Grenada Yacht Charter
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Grenada Yacht Charter
One of Grenada‘s best things is that you can sail there in January while it’s cold in Europe and North America. This is a fabulous setting for a yacht charter in Grenada: translucent waters, rugged cliffs, and a unique atmosphere of careless freedom.
You can find a yacht (sailboat, motoryacht, catamaran) at a great price with a Grenada boat rental. Some of the destinations that we recommend are La Lance aux Epines, Fort Jeudi, and Sauteurs. Book your boat now to explore the beaches, lagoons, and cities of Granada’s exotic island via Yachtco.
Discover the Grenada Island
The best way to explore the West Indies is to rent a boat in Grenada and visit the island’s towns and ports at your own pace. As this is where Maurice Bishop airport is located, we advise you to start your trip from Saint Georges to the south of the island. You are free to choose your route after that. You can explore small coves, visit villages and picturesque towns, or explore the coastline.
The landscape is typical of the West Indies on the Island of Granada. You will find mountains and tropical forests next to unspoiled beaches and a dazzling sea. There are two seasons: from December to April, the dry season, where the weather is ideal for chartering yachts in Grenada: plenty of sunshine and warm temperatures.
Rent a boat in Grenada
It is possible to rent a vessel with or without a captain; You’ll find what you’re looking for, from a motorboat to a sailboat or even a yacht. Grenada is the perfect boat rental destination, whether you’re celebrating a special occasion or planning a family vacation.
It’s known that Grenada is known as the “Island of Spice,” with a unique mix of French and English culture, rare fruits and exotic flowers, a rich history of storytelling, and well-seasoned foods. It’s also the gateway to the Grenadines’ unspoiled cruising grounds, promising some of the best sailings anywhere in the Caribbean. Set your dreams into motion by discovering more about the beautiful West Indies.
A chain of several islands comprises Grenada, including Grenada, Carriacou, and Petite Martinique. As it is a leading producer of cinnamon, cloves, ginger, mace, allspice, and nutmeg, it gets its nickname as the Spice Isle.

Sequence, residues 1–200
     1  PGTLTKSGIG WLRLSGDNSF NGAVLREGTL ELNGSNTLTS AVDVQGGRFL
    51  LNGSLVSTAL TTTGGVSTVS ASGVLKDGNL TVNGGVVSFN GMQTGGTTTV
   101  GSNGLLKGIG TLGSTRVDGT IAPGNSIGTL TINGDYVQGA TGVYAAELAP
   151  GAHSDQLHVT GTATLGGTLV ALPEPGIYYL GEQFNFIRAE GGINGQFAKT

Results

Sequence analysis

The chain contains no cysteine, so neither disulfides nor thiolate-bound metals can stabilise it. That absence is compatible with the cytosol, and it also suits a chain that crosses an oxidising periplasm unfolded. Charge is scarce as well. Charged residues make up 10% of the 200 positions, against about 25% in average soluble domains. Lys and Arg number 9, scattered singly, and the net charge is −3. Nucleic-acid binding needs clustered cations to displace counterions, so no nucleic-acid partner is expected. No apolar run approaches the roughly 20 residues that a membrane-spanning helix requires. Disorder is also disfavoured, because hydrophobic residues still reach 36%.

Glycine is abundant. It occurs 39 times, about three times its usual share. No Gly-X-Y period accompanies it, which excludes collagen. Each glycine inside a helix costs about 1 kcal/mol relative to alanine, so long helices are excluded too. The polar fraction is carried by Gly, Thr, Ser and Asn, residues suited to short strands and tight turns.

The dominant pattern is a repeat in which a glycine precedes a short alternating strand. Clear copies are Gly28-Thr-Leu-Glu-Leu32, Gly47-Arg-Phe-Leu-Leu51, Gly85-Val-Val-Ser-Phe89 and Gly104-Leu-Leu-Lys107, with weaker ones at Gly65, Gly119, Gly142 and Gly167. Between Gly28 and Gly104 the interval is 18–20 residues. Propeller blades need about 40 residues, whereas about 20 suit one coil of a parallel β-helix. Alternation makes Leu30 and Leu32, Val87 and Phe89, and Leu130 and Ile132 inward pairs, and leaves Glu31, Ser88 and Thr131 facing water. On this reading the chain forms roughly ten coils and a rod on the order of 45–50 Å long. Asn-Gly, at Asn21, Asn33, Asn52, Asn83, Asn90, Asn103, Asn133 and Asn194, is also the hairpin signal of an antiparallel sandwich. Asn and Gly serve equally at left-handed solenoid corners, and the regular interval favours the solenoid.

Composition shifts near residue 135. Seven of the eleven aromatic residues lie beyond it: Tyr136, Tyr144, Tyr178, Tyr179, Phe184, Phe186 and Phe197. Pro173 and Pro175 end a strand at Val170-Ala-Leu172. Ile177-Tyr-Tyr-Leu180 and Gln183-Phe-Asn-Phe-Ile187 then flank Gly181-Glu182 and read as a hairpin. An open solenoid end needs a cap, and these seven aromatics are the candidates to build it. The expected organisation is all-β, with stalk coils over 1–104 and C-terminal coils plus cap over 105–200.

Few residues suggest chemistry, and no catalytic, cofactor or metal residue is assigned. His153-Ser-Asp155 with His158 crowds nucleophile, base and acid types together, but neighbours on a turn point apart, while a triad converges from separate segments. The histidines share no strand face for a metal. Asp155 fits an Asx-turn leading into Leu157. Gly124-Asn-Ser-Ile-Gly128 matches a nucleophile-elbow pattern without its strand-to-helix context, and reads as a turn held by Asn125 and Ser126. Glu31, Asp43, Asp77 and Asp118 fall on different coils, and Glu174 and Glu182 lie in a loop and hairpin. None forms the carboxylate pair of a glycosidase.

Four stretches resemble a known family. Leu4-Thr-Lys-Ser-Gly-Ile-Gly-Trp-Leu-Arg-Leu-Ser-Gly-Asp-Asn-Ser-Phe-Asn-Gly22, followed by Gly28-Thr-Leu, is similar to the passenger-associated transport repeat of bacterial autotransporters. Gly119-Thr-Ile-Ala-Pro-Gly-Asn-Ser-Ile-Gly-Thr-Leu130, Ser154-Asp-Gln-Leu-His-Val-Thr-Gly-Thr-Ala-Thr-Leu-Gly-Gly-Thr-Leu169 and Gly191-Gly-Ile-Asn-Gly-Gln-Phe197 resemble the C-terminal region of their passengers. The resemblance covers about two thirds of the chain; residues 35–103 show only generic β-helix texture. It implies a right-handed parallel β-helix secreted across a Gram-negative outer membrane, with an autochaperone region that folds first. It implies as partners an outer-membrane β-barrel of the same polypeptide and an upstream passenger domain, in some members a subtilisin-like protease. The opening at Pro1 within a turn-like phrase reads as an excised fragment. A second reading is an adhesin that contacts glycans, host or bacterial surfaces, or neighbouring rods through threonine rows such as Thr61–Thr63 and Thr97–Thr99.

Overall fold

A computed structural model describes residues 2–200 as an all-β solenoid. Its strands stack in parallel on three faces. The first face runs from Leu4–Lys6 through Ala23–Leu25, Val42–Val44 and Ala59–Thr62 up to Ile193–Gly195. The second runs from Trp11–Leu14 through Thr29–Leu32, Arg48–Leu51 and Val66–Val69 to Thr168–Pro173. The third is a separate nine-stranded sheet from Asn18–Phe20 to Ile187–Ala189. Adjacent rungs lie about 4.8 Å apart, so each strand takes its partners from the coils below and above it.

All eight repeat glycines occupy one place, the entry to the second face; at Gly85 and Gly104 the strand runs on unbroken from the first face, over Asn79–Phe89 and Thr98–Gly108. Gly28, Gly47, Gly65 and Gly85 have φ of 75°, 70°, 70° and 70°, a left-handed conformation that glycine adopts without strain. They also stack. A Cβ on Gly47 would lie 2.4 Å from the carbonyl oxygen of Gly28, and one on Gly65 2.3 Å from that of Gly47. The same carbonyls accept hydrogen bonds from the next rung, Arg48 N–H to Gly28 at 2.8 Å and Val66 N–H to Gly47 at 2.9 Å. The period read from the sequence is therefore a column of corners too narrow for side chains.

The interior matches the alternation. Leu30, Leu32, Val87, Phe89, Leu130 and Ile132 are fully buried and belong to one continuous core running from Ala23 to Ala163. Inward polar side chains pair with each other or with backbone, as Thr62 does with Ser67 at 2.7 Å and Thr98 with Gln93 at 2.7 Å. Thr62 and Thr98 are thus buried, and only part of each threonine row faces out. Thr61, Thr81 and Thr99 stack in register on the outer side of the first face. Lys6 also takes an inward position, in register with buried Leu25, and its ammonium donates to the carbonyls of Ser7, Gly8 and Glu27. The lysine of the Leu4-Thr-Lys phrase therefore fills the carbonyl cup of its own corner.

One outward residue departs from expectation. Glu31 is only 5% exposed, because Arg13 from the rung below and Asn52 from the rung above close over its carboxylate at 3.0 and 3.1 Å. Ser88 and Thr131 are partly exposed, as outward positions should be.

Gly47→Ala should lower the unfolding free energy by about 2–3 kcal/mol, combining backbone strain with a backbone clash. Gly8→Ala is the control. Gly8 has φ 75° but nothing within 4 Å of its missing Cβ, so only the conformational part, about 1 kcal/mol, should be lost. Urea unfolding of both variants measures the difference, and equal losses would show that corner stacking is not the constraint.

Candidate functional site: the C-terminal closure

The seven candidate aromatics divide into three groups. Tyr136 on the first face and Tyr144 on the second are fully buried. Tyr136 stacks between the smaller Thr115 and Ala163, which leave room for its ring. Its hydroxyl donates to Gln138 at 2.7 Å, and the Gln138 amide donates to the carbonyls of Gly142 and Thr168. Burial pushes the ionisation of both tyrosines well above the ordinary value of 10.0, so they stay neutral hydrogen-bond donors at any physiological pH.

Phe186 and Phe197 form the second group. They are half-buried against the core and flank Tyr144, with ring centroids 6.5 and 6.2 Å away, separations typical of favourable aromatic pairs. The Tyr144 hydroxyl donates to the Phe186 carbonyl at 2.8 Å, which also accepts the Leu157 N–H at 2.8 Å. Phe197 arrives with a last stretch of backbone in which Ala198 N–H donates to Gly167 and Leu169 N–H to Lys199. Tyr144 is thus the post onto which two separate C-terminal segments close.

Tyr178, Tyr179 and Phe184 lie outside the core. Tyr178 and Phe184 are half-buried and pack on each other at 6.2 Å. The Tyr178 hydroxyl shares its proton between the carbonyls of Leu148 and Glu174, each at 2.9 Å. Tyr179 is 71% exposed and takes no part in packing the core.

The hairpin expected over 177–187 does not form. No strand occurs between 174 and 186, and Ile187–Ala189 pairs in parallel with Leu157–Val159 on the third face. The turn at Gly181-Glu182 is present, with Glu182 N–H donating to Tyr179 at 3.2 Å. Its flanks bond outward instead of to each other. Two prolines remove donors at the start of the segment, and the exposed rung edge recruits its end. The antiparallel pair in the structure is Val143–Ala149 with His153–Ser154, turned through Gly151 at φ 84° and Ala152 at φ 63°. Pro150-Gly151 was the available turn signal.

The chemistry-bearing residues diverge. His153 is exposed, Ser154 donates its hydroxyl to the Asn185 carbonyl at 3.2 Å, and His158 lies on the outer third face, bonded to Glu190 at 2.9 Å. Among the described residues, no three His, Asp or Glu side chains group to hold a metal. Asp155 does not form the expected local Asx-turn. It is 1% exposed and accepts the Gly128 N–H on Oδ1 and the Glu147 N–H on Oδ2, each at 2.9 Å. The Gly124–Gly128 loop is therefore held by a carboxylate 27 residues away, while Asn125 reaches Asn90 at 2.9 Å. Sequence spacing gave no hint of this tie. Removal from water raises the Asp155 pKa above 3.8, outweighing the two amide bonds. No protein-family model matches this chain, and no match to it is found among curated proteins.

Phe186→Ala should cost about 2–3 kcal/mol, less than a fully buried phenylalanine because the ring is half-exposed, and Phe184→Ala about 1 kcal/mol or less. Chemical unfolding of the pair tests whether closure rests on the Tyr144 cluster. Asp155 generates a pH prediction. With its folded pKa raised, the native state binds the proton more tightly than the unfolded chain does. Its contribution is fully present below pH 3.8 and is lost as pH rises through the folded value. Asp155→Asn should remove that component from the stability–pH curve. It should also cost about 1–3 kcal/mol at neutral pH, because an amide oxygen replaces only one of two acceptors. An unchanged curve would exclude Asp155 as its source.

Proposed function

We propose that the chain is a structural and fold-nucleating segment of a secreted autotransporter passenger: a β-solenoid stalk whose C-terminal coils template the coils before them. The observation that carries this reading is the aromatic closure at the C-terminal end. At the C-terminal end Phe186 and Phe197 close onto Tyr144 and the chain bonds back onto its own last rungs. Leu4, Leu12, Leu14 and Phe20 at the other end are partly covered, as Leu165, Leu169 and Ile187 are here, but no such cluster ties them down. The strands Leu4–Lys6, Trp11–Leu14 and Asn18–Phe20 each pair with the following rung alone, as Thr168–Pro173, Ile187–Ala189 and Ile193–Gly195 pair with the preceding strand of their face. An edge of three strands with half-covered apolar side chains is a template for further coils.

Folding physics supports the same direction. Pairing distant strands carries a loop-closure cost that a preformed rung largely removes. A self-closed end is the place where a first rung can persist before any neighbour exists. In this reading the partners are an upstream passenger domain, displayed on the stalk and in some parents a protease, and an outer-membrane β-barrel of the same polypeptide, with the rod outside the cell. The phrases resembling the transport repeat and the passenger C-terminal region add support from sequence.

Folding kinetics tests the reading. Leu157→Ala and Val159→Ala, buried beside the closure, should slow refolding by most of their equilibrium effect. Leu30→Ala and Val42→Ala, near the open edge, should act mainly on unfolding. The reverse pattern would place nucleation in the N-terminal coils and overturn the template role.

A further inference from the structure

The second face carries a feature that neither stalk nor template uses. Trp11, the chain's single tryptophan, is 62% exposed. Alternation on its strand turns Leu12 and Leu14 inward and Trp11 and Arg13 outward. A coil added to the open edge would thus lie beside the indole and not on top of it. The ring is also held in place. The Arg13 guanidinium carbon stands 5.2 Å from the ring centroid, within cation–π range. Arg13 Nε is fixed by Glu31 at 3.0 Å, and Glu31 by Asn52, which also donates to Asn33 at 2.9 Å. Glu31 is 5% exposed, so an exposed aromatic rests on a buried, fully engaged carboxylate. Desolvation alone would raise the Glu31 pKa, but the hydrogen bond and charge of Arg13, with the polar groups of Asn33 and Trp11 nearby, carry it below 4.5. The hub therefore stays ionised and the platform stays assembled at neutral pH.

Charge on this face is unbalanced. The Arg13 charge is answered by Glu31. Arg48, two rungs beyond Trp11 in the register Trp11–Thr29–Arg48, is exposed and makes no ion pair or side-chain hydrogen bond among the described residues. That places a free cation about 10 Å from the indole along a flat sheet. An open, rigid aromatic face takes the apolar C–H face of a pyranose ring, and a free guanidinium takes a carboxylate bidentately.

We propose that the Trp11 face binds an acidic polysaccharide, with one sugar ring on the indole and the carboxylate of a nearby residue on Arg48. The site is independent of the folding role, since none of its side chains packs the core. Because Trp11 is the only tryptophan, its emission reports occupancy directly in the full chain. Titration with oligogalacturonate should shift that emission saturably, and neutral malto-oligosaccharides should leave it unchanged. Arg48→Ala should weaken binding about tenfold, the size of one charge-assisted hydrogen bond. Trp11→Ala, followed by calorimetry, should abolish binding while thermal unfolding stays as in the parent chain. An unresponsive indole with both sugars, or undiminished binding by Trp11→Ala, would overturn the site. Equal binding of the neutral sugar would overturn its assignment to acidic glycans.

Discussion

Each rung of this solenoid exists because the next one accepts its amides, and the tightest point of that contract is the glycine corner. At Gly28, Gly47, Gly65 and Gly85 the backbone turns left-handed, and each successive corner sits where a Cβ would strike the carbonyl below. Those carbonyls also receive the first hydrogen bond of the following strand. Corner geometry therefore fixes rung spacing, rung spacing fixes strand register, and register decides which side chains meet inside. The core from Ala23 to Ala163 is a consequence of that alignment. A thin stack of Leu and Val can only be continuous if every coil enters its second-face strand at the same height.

The coastline comprises beautiful beaches, including the 1.9 miles long St. George Paris Grand Anse Beach, which often appears in the top 10 lists of the world’s most incredible beaches. The marine life here is spectacular, and you will spot turtles, rays, dolphins, and a variety of tropical fish on a yacht charter in Grenada.
You can continue sailing to Union, Mayreau, Tobago Cays, Mustique, Port Elizabeth, Bequia, St. Vincent, and St. Lucia from our base.
With festivals and carnivals ashore or on the water with sailing weeks and regattas, it’s easy to get involved in the local culture. Grenada radiates Caribbean soul with a Calypso beat, whether it is relaxing on a deserted beach, swimming the corals, hiking rain forests, or exploring centuries-old forts.
Getting Around Grenada
At the key drop off and pick up destinations, you’ll find taxis, but be mindful that after 6 pm, there is a higher cost.
The main cultural attraction of Grenada for tourists is the food. Grenada exports cinnamon, cloves, mace, ginger, allspice, citrus peels, and nutmeg to all corners of the world, known as the’ Spice Island of the Caribbean.’ Grenada exports 20 percent of the world’s nutmeg supply. This fragrant seed, crushed into a spice, is even depicted on the flag of the Grenadians. These exotic spices are taken back by many sailors on their journey, as they can find them fresh, locally grown, and often at much lower prices than when sold in stores.
Grenada is a large exporter of cocoa and coffee, in addition to spices. The Grenada Chocolate Company, which is growing its cocoa to manufacture fine dark chocolate, has paved the way for organic chocolate production “tree to bar.” In the village of Hermitage, St Patricks, the company employs a significant number of people. At the annual chocolate festival, which has taken sailors and foodies to the island for many years in a row, their chocolate and other local growers’ goods are sold.
A mixture of African, Indian, and Carib American influence is used in traditional Grenadian cuisine. Most restaurants use heavy spices to create curries and sauces for seafood and fresh, local veggie plates. The “oil down” on the island is a favorite meal to have. In a creamy coconut sauce, cook pork, salt beef, or chicken, and dumplings. When only a small amount of coconut oil is left in the pan, the meat and dumplings are submerged. Fruits and vegetables are also added to the famous dish, including breadfruit, banana, callaloo, yams, and potatoes.
Grenada has a subtropical climate with a moderate dry season from January to May and a rainy season with high temperatures and humidity from June to December.
The predominant NE trade winds and hurricane season are from June to December, while year-round average temperature ranges in St. Georges are from 79°F to 82°F (26°C-28°C).
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